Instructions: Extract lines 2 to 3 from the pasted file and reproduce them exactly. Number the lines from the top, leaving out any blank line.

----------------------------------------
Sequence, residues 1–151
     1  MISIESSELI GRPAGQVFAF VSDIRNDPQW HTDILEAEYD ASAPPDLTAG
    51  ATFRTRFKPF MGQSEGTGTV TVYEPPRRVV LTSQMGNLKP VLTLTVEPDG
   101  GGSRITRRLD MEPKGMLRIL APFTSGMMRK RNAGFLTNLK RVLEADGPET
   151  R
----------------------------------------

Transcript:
     1  MISIESSELI GRPAGQVFAF VSDIRNDPQW HTDILEAEYD ASAPPDLTAG
    51  ATFRTRFKPF MGQSEGTGTV TVYEPPRRVV LTSQMGNLKP VLTLTVEPDG